This from the New Yorker blog where many younger writers - including Jonathan Lethem, EL Doctorow, ZZ Packer, Richard Ford - pay tribute, and there is an hour-long interview.

It was 40 years ago today

A good little band, at its happiest, playing live, the final curtain in sight.

27 January 2009

Urewera Hero

Gerry Merito Because he wasn't the lead singer, Gerry Merito was the unsung hero of the Howard Morrison Quartet. But New Zealand's biggest entertainment phenomenon would have been unthinkable without his contribution. Merito, who died suddenly on the weekend aged 70, was the lynchpin of the group. He provided much of the humour and was the Quartet's only musician; he also wrote the lyrics to their biggest parodies, 'Battle of Waikato' and 'My Old Man's an All Black.'

But Merito stayed in the background, a much loved and respected figure to those who knew him. He was generous and gentle, big-hearted but humble. He had an irrepressible sense of humour, but life had never been easy. He grew up in a small village on the edge of the Ureweras, and lost his mother to TB when he was eight. For nearly 10 years as a child he suffered from a crippling bone disease that meant he spent several years in hospital a long way from home and relatives. He was left with a permanent limp but the nurses at the hospital gave him his first guitar. He listened to the radio - he loved hillbilly music for its chords, the Friendly Road Choir for their harmonies - and began playing.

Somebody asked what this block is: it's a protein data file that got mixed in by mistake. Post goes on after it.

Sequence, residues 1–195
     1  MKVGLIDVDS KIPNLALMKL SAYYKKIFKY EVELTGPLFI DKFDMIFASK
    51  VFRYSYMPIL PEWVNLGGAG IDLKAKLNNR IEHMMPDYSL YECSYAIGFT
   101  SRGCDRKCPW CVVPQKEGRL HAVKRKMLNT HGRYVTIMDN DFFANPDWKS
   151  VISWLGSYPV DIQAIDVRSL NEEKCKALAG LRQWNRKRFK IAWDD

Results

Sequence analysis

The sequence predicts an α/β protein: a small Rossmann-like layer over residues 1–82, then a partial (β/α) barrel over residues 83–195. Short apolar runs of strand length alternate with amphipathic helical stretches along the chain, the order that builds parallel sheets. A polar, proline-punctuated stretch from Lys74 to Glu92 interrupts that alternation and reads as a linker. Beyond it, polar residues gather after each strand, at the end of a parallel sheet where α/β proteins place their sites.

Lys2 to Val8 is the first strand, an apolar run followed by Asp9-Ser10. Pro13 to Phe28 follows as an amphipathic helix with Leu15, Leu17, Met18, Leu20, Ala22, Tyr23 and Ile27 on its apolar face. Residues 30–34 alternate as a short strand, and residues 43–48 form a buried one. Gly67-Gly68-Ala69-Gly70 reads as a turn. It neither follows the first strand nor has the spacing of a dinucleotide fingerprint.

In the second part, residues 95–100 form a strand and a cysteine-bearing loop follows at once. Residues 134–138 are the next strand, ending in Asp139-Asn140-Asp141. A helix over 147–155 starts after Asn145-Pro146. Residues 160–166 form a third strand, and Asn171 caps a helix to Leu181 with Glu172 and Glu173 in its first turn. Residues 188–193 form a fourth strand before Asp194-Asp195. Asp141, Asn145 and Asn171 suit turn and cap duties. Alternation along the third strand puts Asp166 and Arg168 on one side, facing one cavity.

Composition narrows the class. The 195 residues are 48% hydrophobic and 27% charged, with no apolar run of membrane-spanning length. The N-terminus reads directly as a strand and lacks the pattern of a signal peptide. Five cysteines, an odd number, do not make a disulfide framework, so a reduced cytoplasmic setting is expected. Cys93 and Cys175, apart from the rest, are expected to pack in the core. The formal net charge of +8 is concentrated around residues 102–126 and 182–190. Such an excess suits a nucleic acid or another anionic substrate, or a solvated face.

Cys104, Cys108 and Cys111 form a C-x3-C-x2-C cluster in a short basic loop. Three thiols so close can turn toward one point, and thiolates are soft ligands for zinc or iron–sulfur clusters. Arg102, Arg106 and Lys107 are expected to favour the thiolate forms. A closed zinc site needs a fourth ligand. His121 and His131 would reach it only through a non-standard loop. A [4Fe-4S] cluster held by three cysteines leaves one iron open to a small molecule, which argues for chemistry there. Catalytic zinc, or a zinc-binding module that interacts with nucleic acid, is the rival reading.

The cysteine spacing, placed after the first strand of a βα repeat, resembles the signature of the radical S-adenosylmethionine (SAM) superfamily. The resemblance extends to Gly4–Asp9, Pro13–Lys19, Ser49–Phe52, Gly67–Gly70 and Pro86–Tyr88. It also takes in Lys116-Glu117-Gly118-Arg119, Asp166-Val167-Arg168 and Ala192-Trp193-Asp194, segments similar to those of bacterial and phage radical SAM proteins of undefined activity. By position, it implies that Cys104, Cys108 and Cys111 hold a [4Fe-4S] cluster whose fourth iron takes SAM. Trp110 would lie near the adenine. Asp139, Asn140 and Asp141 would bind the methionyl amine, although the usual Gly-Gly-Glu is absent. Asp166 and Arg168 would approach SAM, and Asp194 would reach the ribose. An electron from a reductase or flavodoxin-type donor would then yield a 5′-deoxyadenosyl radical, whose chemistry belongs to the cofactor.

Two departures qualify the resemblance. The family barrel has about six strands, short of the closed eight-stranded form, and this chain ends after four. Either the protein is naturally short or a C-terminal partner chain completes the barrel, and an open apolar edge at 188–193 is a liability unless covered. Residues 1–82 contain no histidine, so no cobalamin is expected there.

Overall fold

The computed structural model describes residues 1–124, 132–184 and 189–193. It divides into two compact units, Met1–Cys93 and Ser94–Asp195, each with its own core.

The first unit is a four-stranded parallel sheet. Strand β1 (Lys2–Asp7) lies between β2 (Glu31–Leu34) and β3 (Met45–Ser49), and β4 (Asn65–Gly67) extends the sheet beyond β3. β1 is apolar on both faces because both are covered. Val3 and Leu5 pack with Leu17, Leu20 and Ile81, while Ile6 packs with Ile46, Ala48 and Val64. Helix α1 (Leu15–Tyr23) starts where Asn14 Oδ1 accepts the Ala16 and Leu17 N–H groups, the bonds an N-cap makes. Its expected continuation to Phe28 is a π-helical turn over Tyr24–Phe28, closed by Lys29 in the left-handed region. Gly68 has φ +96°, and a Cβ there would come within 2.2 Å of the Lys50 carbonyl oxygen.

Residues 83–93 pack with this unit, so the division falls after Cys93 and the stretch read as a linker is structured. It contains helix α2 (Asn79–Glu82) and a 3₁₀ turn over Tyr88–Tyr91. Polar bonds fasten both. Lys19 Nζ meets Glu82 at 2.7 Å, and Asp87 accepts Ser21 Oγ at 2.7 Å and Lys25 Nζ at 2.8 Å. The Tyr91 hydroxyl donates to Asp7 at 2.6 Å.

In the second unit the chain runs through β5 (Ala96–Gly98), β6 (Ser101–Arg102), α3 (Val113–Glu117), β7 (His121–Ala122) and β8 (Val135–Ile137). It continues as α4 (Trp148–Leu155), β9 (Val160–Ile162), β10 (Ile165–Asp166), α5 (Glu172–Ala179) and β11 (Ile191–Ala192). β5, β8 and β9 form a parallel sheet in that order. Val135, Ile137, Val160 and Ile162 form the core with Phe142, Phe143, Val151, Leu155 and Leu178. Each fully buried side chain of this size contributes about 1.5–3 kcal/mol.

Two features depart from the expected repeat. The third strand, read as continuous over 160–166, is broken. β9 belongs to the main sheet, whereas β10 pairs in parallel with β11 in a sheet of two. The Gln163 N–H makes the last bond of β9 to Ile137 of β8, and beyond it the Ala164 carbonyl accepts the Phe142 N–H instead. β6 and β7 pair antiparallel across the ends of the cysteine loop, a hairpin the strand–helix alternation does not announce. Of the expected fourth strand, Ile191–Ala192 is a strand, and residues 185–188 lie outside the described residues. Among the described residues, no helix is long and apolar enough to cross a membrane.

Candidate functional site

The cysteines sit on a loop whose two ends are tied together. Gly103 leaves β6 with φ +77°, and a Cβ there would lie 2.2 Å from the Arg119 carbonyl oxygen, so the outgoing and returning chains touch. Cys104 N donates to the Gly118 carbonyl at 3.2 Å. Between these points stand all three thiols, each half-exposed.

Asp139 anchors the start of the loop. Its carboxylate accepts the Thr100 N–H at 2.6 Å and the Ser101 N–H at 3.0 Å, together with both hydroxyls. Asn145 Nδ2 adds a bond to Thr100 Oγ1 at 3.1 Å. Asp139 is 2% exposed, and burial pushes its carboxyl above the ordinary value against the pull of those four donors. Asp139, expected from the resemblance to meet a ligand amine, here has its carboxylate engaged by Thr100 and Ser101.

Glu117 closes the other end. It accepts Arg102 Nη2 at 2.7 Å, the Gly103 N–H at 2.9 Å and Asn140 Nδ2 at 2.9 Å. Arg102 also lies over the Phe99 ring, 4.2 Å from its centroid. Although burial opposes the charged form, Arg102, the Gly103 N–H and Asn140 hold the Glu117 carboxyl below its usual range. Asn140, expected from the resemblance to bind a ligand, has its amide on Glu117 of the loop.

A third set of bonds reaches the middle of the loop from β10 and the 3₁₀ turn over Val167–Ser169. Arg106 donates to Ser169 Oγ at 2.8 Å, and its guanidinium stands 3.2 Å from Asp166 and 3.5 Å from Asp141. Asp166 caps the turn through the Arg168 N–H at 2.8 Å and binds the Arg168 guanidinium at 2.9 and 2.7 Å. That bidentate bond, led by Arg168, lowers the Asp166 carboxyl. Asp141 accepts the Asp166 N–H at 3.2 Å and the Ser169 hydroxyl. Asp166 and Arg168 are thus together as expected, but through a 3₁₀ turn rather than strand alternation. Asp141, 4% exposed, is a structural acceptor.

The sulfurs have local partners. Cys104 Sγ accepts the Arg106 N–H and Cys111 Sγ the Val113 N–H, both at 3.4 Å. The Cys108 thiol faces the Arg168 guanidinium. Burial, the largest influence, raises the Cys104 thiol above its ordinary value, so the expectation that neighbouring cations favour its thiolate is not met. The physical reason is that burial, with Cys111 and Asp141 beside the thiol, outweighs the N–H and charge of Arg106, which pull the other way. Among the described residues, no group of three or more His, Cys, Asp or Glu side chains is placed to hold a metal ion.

There's a good case to be made for Merito being the most influential New Zealand guitarist of all; certainly, Dalvanius would agree. Wherever there is a singalong, wherever a New Zealander plays a few chords with an idiosyncratic strum - throwing in a tricky turnaround just to show you're no mug - there goes the spirit of Gerry Merito.

Life was difficult after New Zealand's Beatles came to an end in 1964. For 12 years Merito lived in Perth, supporting his family doing a lawn-mowing run. In a house fire three years ago he lost almost everything - including the guitar he'd used in the Quartet. But he always kept playing and entertaining and in recent years he has been doing one-man gigs around the Waikato; it was after one of these on the weekend - at the Waihou Hotel - that he suffered a heart attack.